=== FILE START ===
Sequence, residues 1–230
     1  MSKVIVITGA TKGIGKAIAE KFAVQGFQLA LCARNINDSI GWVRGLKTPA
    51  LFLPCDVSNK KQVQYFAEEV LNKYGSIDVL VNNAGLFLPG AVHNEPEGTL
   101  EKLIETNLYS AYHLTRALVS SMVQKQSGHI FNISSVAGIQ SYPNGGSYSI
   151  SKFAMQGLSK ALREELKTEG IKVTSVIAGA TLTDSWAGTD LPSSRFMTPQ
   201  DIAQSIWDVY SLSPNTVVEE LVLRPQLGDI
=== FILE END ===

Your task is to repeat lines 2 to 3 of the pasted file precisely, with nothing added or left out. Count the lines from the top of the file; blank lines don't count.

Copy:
     1  MSKVIVITGA TKGIGKAIAE KFAVQGFQLA LCARNINDSI GWVRGLKTPA
    51  LFLPCDVSNK KQVQYFAEEV LNKYGSIDVL VNNAGLFLPG AVHNEPEGTL